The University of Sussex intends to formally appeal against Brighton and Hove Council’s decision to reject its £500 million expansion plan.
The University’s blueprints to develop new accommodation and increase student capacity, dubbed the campus ‘masterplan’, was rejected by councillors in June over fears that it would create a “dense urban environment” and the potential negative impact the plan would have on the city’s housing stock.
It is expected that the University will lodge its appeal before Christmas.
The appeal will be overseen by the Planning inspectorate, a government agency tasked with reviewing public body planning appeals, before being taken to a public hearing at some point in spring 2015. A verdict on the appeal is expected to be announced in summer 2015.
Local Counsillors’ rejection of the University’s proposals put the University’s plan to expands it student capacity
by 4,600 students by 2018 in jeopardy, as they hoped that the redevelopment of East Slope would allow them to house 1,408 more student and the proposed West Slope site would accommodate 1,122 new students per year.
The University said in June that the rejection of their plans will be detrimental for the student intake targets for the next four years.
As well as plans to build 2,500 new student rooms of campus, the University masterplan also intended to develop new state-of-the-art academic and research facilities, create 2,400 new jobs to boost the local economy, and preserve the architecture of Sir Basil Spence, the primary architect of the University of Sussex campus.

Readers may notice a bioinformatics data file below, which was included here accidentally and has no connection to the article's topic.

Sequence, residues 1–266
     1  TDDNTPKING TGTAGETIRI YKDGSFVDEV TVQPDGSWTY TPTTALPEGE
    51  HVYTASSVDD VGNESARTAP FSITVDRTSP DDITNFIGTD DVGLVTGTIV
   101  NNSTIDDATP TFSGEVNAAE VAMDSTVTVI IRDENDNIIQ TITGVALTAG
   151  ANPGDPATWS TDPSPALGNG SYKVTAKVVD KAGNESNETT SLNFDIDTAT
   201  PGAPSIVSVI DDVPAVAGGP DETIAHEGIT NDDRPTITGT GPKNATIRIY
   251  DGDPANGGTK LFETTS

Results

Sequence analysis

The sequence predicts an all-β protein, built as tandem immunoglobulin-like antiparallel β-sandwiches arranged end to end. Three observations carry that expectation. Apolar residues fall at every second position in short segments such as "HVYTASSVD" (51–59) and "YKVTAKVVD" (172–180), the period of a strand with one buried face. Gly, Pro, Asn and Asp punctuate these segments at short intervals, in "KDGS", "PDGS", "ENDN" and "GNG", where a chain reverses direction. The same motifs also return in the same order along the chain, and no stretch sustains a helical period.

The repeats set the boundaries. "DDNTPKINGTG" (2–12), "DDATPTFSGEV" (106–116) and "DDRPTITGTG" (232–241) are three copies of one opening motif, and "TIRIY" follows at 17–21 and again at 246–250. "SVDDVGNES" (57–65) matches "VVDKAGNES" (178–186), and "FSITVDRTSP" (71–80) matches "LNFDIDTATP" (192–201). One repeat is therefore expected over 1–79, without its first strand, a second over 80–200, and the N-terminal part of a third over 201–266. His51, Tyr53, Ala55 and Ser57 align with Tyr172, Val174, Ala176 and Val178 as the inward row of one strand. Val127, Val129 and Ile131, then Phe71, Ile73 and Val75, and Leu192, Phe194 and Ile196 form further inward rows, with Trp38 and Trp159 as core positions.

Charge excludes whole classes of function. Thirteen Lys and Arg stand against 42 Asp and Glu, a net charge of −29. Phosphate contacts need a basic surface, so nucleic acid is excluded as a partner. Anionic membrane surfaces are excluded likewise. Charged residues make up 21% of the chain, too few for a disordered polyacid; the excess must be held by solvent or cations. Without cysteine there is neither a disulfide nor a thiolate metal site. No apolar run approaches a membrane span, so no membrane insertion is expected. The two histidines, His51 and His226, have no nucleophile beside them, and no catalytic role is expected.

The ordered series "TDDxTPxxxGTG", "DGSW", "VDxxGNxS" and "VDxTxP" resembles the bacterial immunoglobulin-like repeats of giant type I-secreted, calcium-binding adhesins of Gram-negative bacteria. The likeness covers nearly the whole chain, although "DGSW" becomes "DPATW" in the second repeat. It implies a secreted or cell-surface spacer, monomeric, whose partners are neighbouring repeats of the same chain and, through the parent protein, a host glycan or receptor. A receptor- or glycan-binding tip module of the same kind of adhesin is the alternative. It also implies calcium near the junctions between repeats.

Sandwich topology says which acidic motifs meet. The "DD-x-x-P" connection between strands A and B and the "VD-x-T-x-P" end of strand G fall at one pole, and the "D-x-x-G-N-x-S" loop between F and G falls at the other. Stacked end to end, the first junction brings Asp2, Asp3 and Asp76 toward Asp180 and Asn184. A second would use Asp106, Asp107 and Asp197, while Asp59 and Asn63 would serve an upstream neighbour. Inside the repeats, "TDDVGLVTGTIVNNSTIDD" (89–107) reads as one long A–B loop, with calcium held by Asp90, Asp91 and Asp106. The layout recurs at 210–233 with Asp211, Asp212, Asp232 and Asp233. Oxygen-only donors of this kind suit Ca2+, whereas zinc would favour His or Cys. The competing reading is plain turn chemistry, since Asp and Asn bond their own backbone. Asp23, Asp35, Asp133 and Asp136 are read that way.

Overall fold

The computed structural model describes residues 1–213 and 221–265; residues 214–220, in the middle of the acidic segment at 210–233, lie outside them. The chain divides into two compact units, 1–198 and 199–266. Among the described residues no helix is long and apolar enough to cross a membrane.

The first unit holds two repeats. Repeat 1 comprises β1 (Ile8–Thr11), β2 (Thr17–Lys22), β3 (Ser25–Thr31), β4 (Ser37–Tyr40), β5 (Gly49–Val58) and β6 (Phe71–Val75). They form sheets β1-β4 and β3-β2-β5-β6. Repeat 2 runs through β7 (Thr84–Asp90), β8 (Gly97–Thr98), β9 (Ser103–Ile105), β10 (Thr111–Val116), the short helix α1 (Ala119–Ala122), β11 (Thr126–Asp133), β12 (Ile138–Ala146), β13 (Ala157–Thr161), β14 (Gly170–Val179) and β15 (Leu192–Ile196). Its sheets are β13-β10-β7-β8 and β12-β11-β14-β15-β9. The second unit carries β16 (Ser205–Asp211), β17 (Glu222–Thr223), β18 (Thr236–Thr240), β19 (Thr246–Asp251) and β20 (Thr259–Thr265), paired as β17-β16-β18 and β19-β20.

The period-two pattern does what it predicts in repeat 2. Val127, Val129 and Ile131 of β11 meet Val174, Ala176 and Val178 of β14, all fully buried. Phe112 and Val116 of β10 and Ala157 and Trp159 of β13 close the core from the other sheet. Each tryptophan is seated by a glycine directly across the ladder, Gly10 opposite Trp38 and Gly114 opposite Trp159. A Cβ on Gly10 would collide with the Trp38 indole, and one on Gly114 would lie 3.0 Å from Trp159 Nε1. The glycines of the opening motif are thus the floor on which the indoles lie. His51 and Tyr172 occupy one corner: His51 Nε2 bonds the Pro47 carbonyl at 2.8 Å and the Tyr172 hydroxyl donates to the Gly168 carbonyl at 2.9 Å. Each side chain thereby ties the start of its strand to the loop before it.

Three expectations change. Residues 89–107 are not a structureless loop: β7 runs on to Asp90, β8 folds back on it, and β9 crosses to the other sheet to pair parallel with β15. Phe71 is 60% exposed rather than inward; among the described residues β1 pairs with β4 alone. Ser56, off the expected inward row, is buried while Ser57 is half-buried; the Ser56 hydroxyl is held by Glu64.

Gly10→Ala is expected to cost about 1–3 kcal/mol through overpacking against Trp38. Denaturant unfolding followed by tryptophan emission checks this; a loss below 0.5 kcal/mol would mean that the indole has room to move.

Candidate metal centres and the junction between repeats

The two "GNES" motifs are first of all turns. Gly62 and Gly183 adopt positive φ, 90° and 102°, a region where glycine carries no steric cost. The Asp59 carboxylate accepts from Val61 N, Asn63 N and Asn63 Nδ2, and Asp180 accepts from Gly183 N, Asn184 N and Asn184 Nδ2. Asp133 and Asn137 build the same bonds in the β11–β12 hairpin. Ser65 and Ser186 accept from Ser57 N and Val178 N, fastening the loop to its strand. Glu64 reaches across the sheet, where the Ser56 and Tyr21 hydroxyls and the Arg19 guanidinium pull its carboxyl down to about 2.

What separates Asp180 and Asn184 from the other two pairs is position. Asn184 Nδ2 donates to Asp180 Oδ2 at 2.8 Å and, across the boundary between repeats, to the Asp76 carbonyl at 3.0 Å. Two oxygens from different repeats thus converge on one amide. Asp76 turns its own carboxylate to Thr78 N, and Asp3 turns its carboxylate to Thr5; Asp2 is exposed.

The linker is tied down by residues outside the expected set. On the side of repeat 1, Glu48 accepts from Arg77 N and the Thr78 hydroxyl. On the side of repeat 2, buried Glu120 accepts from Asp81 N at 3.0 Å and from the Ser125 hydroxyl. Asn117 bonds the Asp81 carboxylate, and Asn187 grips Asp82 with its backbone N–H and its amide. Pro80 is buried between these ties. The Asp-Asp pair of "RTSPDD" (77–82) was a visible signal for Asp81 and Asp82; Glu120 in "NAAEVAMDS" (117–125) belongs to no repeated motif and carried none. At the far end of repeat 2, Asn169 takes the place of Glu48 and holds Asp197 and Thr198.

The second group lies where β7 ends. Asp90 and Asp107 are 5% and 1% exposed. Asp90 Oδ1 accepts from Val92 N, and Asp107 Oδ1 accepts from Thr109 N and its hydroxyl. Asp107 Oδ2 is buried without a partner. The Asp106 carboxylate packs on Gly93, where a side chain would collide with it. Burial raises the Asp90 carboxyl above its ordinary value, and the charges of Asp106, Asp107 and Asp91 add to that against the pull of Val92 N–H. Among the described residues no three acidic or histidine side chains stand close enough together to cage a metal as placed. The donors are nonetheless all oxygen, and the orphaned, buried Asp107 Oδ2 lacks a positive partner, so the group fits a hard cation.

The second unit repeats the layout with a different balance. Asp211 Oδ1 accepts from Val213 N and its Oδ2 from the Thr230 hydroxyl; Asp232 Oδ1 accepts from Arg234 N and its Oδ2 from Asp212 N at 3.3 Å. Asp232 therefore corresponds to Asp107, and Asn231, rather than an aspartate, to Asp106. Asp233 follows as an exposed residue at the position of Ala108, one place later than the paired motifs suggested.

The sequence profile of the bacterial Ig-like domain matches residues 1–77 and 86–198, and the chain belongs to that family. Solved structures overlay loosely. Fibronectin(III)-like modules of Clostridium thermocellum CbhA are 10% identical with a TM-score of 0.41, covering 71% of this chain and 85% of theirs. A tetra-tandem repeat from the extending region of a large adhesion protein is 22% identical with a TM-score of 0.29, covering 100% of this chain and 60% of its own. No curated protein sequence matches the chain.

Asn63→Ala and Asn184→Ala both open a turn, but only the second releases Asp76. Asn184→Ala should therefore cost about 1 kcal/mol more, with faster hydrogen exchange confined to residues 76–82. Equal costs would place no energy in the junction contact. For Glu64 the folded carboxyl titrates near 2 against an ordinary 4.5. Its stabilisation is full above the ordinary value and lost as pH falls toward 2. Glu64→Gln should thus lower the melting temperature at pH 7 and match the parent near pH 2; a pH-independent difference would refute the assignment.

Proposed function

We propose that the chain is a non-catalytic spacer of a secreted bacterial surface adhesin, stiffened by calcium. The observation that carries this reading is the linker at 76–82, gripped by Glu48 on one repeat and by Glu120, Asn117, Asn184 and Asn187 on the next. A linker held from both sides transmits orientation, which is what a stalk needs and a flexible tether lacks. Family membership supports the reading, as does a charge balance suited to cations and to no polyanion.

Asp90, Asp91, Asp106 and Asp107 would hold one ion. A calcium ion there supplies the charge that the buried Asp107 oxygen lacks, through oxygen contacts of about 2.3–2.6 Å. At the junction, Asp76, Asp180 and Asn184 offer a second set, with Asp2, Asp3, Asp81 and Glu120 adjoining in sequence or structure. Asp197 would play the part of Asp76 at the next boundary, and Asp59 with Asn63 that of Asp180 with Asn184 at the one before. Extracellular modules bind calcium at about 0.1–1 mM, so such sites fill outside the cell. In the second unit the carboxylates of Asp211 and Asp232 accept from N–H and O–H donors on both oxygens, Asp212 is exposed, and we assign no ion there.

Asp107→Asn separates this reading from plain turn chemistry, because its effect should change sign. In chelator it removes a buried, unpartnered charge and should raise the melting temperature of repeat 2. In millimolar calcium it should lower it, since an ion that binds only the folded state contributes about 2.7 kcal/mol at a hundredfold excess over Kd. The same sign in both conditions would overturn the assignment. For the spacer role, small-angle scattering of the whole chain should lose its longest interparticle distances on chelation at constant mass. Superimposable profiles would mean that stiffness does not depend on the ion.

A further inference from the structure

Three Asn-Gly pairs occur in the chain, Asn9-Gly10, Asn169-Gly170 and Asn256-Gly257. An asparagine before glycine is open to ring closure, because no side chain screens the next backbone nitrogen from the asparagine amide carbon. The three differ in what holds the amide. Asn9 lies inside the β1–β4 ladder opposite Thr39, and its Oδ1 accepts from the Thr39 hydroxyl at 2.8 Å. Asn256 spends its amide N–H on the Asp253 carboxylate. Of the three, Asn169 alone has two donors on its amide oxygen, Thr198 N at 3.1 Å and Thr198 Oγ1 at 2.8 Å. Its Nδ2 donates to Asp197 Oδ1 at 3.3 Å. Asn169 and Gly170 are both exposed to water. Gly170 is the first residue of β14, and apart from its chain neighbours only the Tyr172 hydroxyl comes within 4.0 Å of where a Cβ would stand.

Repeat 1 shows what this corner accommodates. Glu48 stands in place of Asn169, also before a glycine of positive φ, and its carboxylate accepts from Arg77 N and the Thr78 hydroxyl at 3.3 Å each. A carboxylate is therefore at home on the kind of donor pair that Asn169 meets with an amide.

Professor Michael Farthing, the University of Sussex’s Vice-Chancellor, said: “We need to modernise and expand our facilities if we are to continue to attract the best and brightest academics and students as well as provide jobs that benefit thousands of local families.
“The University of Sussex is currently ranked 14th in the UK and is in the top one per cent of universities in the world.
“This is a huge achievement, but we can’t take it for granted. Some of our facilities are more than 40 years old and we need to invest now to secure a bright future for the University and for Brighton.”
The University did not wish to make any additional comment on the issue. Brighton and Hove Council also said that it would not comment on an ongoing appeal.